Get to Know Warrenton’s Parking Enforcement Officer Lea Pagliuca

Law Enforcement Profile

Law Enforcement Profile

Story and photos by Lindsay Hogeboom

For 17 years, Lea Pagliuca has resided in Virginia with her husband, Nick — 11 of which have been spent in living in Gainesville, but also often visiting downtown Warrenton. “[We] started coming down here for First Fridays and the Christmas parade,” she says. When Lea spotted a job posting on Indeed for parking enforcement officers with the Warrenton Police Department, she felt excited. She thought, “I can do this job,” and submitted her application.

In July 2019, Lea officially joined the Warrenton Police Department as the town’s parking enforcement officer. “I like structure. I like following the rules, and I like consistency,” she says — qualities which make her very well suited for the job.

Lea explains that she begins a typical day of work at the office, where she checks her voicemails and emails before getting her car and radio and driving up to Main Street. Once she’s downtown, “I start doing my rounds,” she says, which includes checking the timed parking spaces and making sure all cars are parked legally. “I keep an eye on the post office, [which has] five-minute parking. And we have one handicapped spot on Main Street — I’ll keep an eye on that.” In addition, Lea says she also looks for up-to-date inspections and registration tags.

Another aspect of Lea’s job — her favorite part — is public outreach. “I just love talking to everybody. I love meeting people,” she says. She notes that sometimes, people can be a bit apprehensive when they first see her on patrol because they want to be sure they are abiding by the rules. They will ask, “Was I supposed to pay for parking?” or “Is it okay to park here?” But Lea says that once they get to talking, most people relax and enjoy getting to know their local parking enforcement officer. To help facilitate friendly conversations, Lea carries faux badges for kids and dog treats for four-legged family members in her fanny pack. “I get to talk to a lot of kids and families. I also get to pet a lot of dogs,” she says with a smile.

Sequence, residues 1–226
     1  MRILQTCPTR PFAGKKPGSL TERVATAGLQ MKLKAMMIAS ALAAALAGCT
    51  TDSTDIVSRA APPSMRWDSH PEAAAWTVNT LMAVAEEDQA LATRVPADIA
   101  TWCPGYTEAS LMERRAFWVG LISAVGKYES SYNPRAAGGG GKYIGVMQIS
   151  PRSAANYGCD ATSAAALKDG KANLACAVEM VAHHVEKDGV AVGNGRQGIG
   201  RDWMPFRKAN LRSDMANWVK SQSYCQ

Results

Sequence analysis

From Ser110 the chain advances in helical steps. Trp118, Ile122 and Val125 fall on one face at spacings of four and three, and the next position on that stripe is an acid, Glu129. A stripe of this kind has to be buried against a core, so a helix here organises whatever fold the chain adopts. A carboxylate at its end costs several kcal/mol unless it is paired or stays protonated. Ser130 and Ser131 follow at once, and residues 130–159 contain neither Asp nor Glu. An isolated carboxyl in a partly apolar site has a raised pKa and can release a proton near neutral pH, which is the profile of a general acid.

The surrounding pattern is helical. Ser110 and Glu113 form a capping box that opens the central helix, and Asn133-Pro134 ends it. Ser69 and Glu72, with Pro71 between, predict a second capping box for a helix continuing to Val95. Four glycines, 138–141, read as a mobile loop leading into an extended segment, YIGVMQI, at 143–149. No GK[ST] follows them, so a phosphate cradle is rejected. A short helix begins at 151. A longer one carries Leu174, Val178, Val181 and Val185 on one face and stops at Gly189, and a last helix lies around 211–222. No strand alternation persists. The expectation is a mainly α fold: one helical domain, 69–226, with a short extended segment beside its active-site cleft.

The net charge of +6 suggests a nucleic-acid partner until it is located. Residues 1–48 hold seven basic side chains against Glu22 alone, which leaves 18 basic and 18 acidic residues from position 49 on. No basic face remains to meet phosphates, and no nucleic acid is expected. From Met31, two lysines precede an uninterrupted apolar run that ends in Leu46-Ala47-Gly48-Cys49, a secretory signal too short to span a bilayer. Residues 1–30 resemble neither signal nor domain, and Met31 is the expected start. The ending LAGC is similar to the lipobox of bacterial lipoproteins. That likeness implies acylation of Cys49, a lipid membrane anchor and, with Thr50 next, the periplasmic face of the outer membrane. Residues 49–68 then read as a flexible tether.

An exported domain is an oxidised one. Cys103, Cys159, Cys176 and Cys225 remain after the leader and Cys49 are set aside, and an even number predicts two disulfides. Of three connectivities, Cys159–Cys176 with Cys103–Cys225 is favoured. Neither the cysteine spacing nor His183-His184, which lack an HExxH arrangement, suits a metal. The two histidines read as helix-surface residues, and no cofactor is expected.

Lea also says that her community outreach carries over into parking enforcement. “I would rather work with someone and talk to them, or even educate them, if I can,” than give them a ticket, she says. “Most people are very responsive.”

One statement Lea playfully tells people she meets is, “Don’t make me do my job!” She says her best advice to accomplish this is for drivers to “slow down and pay attention,” especially on Main Street where people are often getting in and out of cars parked along the street or navigating the many crosswalks. And, Lea’s second bit of advice is simple — park where you’re supposed to. “It’s [for] safety,” she says. One example she provides is no parking zones near crosswalks, because backing out of a spot into a crosswalk can create an unsafe environment for pedestrians.

In her spare time, Lea enjoys spending time with her husband and her five-year-old golden retriever, Raylan. The three enjoy outdoor activities together, such as hiking at Buzzard Rock in Front Royal. Lea says she and her family also enjoy spending time in the community where she works, frequenting many of the restaurants and shops in downtown Warrenton. “I like to support small businesses,” she says.

As for where Lea parks: “usually in timed parking,” she says. Lea holds herself accountable to the same rules she enforces, and will move her car from lot to lot throughout the day as necessary. “Today, I put myself in three-hour parking, but then I moved it to all-day [parking] because I knew I was meeting with you. So I make sure my car is moved [too].”

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